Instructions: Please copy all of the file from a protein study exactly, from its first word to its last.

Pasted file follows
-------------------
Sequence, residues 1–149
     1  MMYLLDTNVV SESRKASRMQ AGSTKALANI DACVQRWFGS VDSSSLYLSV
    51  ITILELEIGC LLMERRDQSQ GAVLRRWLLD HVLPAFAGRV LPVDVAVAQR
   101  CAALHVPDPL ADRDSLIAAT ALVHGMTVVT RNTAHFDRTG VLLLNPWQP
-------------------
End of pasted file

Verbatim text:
Sequence, residues 1–149
     1  MMYLLDTNVV SESRKASRMQ AGSTKALANI DACVQRWFGS VDSSSLYLSV
    51  ITILELEIGC LLMERRDQSQ GAVLRRWLLD HVLPAFAGRV LPVDVAVAQR
   101  CAALHVPDPL ADRDSLIAAT ALVHGMTVVT RNTAHFDRTG VLLLNPWQP